The U.S. House of Representatives Agriculture Committee released its draft of the 2018 Farm Bill Thursday, which included major changes to the federal food stamp program.
House Ag Committee Chairman K. Michael Conaway, R-Texas, introduced the Agriculture and Nutrition Act of 2018, which according to the committee replaces an insufficient and unenforceable work requirement with a realistic option that works as a springboard out of poverty.
Congressman Roger Marshall, R-Kan., hosted a town hall meeting at the 3i Show last month in Dodge City. During the discussion, he said ag committee Democrats walked away from discussions on the Farm Bill over the work requirement for the Supplemental Nutrition Assistance Program, which accounts for around 80 percent of Farm Bill spending.
Under current law, SNAP recipients ages 18 to 59 are required to work at least a part-time job or take a job if offered to them unless they are pregnant, disabled or otherwise exempt. Unemployed, childless adults are required to find a job within three months or they lose benefits.
The new bill proposes a single standard for all non-disabled adults ages 18 to 59. Even adults with children enrolled in SNAP would be required to hold at least a part-time job within one month of applying for SNAP benefits. An exemption is included for adults with children under age 6.
The Farm bill also proposes funding an expansion of state “workfare” programs. For the first time, enrollment in these programs would be mandated for unemployed, working-age SNAP recipients, not otherwise exempt.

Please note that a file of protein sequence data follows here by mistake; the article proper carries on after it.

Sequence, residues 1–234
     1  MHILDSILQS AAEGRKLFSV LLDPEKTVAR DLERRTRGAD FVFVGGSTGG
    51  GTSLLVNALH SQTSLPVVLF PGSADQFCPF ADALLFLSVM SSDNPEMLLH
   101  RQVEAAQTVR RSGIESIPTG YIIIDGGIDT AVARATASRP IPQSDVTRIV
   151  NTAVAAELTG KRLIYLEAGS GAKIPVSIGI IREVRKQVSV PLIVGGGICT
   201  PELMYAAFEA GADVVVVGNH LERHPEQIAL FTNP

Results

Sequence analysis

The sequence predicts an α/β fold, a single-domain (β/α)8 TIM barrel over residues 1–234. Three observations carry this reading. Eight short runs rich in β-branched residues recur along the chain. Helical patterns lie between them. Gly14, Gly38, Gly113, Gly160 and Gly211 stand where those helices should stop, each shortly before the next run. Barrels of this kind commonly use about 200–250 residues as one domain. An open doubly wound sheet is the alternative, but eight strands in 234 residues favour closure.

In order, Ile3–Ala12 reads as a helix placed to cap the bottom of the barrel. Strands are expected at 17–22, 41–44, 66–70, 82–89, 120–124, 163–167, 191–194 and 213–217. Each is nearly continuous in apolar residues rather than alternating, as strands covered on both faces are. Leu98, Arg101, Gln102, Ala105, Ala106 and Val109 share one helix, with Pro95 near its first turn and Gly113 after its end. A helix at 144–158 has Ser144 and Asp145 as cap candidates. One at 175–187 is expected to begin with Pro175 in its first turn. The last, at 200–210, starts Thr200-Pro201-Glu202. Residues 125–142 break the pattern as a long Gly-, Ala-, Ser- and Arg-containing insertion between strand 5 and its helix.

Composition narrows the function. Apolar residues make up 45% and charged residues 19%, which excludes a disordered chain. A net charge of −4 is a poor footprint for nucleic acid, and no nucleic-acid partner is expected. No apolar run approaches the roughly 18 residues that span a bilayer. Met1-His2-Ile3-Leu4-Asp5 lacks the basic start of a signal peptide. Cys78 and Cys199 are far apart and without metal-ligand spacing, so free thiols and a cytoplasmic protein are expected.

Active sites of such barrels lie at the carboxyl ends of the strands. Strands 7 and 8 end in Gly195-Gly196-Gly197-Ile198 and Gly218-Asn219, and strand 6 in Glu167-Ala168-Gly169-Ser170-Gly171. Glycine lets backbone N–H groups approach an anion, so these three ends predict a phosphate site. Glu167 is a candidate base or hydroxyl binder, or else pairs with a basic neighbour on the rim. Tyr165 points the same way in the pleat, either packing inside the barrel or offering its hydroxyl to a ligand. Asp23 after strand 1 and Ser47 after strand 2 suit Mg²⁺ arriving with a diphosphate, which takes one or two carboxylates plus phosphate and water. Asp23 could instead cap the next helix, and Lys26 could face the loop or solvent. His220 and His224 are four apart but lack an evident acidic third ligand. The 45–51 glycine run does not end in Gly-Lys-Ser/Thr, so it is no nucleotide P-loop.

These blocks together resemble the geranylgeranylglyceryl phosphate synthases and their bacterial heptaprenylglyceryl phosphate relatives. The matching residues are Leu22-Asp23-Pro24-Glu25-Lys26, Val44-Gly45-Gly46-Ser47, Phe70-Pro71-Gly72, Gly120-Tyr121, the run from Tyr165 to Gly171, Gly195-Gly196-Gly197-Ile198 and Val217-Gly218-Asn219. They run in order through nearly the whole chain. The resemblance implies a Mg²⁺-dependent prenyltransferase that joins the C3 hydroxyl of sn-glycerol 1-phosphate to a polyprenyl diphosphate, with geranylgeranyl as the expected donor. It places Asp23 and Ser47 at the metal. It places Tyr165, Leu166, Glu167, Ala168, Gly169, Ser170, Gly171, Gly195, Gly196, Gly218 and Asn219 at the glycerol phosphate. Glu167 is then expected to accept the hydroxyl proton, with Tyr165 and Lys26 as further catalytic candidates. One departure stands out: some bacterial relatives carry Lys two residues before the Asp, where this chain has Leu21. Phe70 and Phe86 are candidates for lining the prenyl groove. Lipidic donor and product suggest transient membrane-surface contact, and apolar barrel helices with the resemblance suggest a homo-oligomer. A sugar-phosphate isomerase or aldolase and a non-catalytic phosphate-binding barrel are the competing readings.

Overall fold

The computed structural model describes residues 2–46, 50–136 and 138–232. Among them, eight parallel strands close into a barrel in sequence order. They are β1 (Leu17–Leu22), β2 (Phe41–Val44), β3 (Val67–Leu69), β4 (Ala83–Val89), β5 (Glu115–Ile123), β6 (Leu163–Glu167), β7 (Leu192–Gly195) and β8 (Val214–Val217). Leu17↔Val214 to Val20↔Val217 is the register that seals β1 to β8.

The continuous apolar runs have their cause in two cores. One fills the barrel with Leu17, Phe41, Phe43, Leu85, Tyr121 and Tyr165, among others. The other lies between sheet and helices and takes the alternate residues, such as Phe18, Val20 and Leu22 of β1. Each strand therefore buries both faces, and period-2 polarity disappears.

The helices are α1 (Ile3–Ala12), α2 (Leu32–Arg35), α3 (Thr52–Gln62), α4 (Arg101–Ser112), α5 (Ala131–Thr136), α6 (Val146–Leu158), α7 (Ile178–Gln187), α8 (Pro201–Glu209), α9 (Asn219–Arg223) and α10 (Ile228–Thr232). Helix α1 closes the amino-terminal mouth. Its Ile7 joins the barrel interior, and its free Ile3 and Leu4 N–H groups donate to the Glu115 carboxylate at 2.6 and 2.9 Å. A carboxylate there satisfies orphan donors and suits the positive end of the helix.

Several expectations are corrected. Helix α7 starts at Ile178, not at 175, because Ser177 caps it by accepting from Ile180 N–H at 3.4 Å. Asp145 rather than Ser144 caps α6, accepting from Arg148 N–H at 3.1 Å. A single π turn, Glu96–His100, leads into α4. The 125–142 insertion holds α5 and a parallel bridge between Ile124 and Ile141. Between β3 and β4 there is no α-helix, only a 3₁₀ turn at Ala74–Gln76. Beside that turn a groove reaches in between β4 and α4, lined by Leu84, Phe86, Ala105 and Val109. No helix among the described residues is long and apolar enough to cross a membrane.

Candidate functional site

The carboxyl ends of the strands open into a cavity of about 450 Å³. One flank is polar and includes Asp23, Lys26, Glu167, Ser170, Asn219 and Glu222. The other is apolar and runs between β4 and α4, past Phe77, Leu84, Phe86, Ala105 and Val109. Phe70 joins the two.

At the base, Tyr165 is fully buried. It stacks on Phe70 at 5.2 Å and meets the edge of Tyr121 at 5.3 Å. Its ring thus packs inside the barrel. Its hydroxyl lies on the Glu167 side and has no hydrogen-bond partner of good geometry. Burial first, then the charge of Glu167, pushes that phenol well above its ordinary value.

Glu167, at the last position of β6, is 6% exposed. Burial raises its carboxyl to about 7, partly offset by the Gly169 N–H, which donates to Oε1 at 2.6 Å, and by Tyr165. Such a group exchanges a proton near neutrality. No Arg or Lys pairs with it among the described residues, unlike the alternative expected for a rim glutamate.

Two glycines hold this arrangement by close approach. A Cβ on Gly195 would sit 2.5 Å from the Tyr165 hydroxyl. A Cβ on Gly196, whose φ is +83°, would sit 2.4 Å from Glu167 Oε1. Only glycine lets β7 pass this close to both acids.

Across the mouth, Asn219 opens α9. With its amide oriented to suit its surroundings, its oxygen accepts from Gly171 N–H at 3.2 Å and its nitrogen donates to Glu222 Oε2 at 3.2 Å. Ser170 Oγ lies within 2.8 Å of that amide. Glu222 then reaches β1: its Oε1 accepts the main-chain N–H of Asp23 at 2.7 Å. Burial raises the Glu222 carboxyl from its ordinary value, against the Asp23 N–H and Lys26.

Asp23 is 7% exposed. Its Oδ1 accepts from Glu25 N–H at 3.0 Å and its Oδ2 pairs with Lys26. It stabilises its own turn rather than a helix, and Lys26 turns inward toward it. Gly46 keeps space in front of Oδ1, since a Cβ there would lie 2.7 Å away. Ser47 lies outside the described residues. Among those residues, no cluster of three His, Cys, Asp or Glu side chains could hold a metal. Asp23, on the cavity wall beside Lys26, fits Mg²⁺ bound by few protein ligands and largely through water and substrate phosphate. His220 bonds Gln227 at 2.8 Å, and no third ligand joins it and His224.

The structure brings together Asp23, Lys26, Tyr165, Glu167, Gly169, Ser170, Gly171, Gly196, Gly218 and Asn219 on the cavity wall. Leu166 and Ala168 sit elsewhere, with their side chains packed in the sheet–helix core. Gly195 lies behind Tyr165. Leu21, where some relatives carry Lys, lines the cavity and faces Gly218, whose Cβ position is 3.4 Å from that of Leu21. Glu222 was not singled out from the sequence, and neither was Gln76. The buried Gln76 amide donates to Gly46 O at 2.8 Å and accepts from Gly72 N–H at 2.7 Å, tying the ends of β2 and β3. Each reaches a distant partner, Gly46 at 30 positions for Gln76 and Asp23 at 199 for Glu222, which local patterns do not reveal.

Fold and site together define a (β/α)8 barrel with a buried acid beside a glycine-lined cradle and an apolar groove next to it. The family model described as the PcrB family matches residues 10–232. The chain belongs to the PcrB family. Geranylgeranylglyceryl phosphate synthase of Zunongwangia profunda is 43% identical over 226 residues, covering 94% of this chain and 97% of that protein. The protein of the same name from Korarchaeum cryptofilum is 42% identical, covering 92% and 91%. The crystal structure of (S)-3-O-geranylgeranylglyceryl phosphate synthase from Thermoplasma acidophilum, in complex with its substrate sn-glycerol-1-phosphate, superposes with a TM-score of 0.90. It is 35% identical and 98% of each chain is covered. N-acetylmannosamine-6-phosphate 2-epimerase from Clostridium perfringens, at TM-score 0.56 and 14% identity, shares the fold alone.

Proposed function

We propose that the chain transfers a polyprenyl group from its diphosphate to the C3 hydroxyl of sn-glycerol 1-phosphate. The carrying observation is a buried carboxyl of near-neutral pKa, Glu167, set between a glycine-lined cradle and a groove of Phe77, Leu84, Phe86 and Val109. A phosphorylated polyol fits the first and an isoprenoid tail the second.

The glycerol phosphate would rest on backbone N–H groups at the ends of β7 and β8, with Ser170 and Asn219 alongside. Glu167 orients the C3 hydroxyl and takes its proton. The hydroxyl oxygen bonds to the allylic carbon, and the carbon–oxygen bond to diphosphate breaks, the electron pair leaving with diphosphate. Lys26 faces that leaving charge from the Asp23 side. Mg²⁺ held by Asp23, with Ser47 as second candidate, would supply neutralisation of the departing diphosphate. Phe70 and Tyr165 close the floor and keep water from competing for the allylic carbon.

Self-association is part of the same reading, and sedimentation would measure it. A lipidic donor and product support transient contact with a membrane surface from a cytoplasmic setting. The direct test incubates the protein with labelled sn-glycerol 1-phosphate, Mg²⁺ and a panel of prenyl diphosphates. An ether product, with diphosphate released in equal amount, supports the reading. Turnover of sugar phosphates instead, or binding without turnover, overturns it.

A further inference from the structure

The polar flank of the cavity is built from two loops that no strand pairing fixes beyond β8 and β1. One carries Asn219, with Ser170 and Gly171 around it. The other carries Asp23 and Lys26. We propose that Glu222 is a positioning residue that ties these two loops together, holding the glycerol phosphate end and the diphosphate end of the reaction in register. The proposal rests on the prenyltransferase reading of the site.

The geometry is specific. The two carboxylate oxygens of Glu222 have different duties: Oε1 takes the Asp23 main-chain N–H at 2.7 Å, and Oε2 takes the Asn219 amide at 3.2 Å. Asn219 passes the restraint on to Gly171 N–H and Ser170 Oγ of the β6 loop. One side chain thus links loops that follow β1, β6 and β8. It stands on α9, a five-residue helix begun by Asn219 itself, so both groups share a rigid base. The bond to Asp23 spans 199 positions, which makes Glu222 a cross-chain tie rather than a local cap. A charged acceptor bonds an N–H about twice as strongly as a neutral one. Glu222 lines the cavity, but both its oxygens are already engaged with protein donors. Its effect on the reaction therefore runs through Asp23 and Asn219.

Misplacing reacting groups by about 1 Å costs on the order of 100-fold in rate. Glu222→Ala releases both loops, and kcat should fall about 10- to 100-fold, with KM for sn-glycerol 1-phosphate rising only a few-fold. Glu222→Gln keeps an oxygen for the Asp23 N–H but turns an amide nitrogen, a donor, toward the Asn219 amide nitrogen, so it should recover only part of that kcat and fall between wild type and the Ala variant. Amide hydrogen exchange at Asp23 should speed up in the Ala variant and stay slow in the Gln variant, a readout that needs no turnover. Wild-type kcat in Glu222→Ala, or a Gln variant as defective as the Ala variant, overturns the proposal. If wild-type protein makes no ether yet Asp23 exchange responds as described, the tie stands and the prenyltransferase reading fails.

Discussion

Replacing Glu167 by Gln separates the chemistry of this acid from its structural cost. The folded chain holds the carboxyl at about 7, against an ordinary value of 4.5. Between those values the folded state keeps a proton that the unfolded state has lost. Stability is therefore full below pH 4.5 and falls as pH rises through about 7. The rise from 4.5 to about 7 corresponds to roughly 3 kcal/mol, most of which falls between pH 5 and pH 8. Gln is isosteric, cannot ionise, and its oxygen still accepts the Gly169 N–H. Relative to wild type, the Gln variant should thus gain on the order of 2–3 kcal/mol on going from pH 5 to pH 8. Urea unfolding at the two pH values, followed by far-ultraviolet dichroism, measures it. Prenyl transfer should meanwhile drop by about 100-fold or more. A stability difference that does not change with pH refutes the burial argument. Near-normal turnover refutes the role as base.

“Ensuring an affordable food supply is important to every citizen, but it is absolutely critical to the most vulnerable among us who struggle every week to put food on the table,” Conaway said in a release announcing the reauthorization of SNAP. “The farm bill also keeps faith with these families by not only maintaining SNAP benefits, but by offering SNAP beneficiaries a springboard out of poverty to a good paying job, and opportunity for a better way of life for themselves and their families.”
However, some experts are concerned people may be forced into these programs with no funding to follow.
“There’s a kernel of a good idea here,” Kermit Kaleba, federal policy director at the National Skills Coalition, which advocates for workforce development programs told The Washington Post. “There is a lot of evidence that high-quality employment and training programs help people with relatively low basic skills move out of minimum wage jobs and into family-supporting careers. The challenge is that these programs are not cheap to run. And our concern, based on what we’ve heard so far, is that it isn’t clear [the Republican proposal] will make a sufficient investment.”
Democrats in the House Agriculture Committee have said they will unanimously oppose the bill in its current form. The current law, established in the 2014 Farm Bill, expires Sept. 30.
The text of the House Farm Bill can be viewed here.
The Washington Post contributed to this story.